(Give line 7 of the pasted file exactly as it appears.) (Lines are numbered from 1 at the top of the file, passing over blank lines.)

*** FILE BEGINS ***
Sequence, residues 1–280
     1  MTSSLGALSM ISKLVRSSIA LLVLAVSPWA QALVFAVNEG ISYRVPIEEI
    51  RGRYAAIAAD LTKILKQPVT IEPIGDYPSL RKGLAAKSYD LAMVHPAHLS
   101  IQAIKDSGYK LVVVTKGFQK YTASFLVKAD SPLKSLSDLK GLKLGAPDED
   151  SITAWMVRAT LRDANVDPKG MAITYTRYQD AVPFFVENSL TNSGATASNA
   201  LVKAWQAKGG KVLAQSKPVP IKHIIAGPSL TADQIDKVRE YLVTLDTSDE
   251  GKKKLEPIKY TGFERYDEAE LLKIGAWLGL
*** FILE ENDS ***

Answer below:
   251  GKKKLEPIKY TGFERYDEAE LLKIGAWLGL